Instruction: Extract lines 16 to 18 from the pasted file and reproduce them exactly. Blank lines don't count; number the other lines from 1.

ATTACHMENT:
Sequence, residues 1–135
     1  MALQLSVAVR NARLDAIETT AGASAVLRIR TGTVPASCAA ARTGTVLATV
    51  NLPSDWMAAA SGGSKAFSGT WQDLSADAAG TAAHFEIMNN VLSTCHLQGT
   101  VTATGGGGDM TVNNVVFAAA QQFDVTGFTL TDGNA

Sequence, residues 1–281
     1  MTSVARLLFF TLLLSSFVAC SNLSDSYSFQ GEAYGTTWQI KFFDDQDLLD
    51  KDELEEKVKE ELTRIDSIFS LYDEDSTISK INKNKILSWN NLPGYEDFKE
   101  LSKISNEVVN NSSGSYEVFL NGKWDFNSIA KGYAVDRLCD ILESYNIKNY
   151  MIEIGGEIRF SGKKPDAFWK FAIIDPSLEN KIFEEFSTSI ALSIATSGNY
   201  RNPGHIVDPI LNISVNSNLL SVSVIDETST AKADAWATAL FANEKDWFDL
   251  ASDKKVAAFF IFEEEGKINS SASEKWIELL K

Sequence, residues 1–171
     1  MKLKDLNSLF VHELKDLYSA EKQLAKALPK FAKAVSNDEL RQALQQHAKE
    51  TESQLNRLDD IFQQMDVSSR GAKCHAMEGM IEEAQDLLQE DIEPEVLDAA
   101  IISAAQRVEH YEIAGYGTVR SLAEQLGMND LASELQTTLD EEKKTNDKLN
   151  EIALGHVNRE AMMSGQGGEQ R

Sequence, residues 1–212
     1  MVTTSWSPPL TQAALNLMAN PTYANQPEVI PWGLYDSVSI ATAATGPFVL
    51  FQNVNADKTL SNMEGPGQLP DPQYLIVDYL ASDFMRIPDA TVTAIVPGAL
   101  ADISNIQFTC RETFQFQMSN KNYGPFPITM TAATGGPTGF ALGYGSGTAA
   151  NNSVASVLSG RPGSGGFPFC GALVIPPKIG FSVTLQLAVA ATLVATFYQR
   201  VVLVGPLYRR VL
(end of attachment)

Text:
   151  EIALGHVNRE AMMSGQGGEQ R

Sequence, residues 1–212
     1  MVTTSWSPPL TQAALNLMAN PTYANQPEVI PWGLYDSVSI ATAATGPFVL